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Frequently Asked Questions about DACA


Now that DACA is officially back, we have compiled some FAQs to help those who are completing the process for the first time, as well as those who need to renew their application soon. In addition to our tips and instructions, USCIS has recently updated the following webpages which can be used as a guide when preparing your initial or renewal filing:


Who can file a renewal application?

You may file a renewal DACA application as long as you met all of the initial DACA requirements (when you filed and were approved the first time), your DACA did not expire more than one year ago, and the following is true:

  • You have not departed the US since August 15, 2012 without advance parole;
  • You have continuously resided in the US since you submitted your most recent DACA request that was approved; and
  • You have not been convicted of a felony, a significant misdemeanor, or three or more misdemeanors, and do not otherwise pose a threat to national security or public safety. 

Who can file DACA for the first time?

You can file an initial DACA application if you are able to answer “Yes” to the following questions:

  • Were you under 31 years of age as of June 15, 2012?
  • Did you come to the United States before reaching your 16th birthday?
  • Have you continuously resided in the United States since June 15, 2007, up to the present time?
  • Were you present in the United States on June 15, 2012 and at the time of making your request for consideration of deferred action with USCIS?
  • Did you have no lawful status in the US on June 15, 2012? (No lawful status on June 15, 2012 means that: A. You never had a lawful immigration status on or before June 15, 2012; or B. Any lawful immigration status or parole that you obtained prior to June 15, 2012 had expired as of June 15, 2012.)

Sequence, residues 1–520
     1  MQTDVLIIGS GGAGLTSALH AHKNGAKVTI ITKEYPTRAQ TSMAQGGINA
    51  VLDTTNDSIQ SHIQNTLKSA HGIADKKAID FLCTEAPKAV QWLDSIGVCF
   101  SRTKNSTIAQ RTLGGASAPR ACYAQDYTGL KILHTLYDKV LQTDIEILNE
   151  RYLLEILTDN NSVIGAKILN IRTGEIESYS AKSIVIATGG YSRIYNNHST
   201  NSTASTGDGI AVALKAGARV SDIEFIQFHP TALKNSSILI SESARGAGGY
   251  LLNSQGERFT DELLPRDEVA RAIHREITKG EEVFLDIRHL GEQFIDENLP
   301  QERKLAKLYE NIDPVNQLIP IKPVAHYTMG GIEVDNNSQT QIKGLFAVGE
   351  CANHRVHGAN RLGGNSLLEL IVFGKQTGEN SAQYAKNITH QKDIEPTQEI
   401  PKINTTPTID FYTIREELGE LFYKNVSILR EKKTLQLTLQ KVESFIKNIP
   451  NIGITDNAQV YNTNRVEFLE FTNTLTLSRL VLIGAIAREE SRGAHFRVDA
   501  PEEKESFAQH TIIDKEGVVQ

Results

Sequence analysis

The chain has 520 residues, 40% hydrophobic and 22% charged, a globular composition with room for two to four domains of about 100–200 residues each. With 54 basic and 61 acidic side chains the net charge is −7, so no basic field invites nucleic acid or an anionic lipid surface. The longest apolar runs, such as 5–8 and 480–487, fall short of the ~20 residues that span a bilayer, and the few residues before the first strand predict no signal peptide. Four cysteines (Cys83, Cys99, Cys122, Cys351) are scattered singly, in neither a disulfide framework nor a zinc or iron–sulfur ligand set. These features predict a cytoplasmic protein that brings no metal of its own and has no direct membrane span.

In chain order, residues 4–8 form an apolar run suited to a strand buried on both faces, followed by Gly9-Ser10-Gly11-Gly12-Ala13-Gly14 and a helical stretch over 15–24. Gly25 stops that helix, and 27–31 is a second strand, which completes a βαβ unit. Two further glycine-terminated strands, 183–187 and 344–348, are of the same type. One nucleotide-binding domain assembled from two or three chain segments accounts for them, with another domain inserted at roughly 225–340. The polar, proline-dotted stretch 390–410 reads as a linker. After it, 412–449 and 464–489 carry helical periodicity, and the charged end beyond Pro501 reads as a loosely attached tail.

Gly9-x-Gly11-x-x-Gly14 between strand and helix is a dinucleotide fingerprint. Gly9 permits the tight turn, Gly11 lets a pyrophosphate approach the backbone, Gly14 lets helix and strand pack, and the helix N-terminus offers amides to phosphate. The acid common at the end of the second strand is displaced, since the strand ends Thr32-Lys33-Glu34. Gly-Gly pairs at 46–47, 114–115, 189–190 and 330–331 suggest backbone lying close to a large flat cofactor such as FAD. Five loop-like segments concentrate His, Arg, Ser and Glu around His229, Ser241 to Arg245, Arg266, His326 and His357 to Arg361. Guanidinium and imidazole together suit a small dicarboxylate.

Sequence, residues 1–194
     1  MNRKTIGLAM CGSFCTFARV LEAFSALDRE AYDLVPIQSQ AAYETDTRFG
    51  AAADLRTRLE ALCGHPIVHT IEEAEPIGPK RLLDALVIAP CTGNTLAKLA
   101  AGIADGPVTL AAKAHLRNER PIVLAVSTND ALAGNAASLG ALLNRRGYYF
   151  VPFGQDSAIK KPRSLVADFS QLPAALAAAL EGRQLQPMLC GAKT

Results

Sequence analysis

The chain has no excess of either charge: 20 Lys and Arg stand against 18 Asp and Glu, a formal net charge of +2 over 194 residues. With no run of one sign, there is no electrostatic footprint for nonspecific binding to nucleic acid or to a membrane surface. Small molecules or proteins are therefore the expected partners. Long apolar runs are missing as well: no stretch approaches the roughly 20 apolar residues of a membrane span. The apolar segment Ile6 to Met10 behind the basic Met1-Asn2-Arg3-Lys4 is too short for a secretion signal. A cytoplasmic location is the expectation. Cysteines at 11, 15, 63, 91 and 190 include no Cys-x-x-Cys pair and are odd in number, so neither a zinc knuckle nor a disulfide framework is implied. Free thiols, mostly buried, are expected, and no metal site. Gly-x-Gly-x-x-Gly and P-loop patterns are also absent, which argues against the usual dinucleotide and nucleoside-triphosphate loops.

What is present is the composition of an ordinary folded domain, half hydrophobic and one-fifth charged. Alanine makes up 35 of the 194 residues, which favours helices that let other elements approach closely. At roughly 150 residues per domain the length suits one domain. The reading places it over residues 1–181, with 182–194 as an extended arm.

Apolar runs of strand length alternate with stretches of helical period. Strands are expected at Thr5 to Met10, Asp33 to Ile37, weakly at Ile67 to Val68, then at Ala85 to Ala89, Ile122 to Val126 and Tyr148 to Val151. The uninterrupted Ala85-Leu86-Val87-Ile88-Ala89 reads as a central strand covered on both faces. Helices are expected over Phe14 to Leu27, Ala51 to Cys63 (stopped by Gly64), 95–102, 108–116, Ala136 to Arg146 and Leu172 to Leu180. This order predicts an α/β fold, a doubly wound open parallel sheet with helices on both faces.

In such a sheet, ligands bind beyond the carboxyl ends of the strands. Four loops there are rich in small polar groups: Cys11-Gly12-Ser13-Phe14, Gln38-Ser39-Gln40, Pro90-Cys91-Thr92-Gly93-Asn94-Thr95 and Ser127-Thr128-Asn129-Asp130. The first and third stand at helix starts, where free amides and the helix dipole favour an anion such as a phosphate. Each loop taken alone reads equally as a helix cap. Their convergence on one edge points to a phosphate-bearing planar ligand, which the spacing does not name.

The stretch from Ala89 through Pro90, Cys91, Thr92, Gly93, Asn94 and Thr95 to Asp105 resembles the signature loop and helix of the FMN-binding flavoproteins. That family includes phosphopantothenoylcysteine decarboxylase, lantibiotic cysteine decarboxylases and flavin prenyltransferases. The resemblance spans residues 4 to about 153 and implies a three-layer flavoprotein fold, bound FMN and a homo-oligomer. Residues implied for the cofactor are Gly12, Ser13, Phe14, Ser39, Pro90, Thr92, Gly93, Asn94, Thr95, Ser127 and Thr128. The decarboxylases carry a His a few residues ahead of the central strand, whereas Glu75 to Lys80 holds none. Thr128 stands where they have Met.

• Are you currently in school, have graduated or obtained a certificate of completion from high school, have obtained a general educational development (GED) certificate, or are an honorably discharged veteran of the U.S. Armed Forces or U.S. Coast Guard?
  • Have you not been convicted of a felony, a significant misdemeanor?

What do I need to submit to USCIS?

The following items should be included when filing to renew your DACA status:

Note that failure to use the correct version of the forms and failure to properly sign and date each form will result in USCIS denying your application and mailing it back to you. 

If you are filing for the first time, you will need to submit the following:

  • Form I-821D, Consideration of Deferred Action for Childhood Arrivals;
  • Form I-765, Application for Employment Authorization;
  • Form I-765 Worksheet
  • Required filing fee of $495;
  • 2 passport-style photos;
  • Proof of identity;
  • Proof you came to the U.S. before your 16th birthday;
  • If you have been in deportation proceedings or entered with a visa, proof of expired immigration status;
  • Proof you continuously resided in US from before June of 2007 to your filing date and that you were present in the US on June 15, 2012;
  • Proof of your student status at the time of requesting consideration of DACA;
  • U.S. high school diploma or certificate of completion;
  • U.S. GED certificate;
  • If you have served in the U.S. military, copies of military records;
  • Copies of police reports and court records for any arrests, criminal convictions or juvenile cases (if applicable). 

When should I renew my work permit?

If you wait too long to file to renew your DACA application, you risk losing work authorization. In order to stay in status and maintain employment authorization, you should file your renewal request between 150 and 120 days before the expiration date on your current Employment Authorization Document. 

If you are renewing your application and realize that you are late (i.e. your current DACA status has already expired, you may still submit a renewal application for up to one year, but keep in mind that you there may be a lapse in your lawful ability to work. If your DACA status expired more than a year ago, you must file a new (initial) application. 

How long do DACA applications take to process?

According to the USCIS website, properly filed DACA renewals should be processed within 120 days from the date they are received. This timeline varies and applications can take more or less time depending on how backed up the processing centers are. Note that some applications may receive an RFE (Request for Evidence) after filing, which can delay the processing time. RFEs should be responded to as quickly as possible to avoid delays.

How can I check on my DACA status?

You can check the status of your DACA application using the USCIS processing time tool. If your application is outside of normal processing time (listed on the chart), you can use the USCIS e-request tools or call the USCIS contact center at 1-800-375-5283 to follow up on your case.

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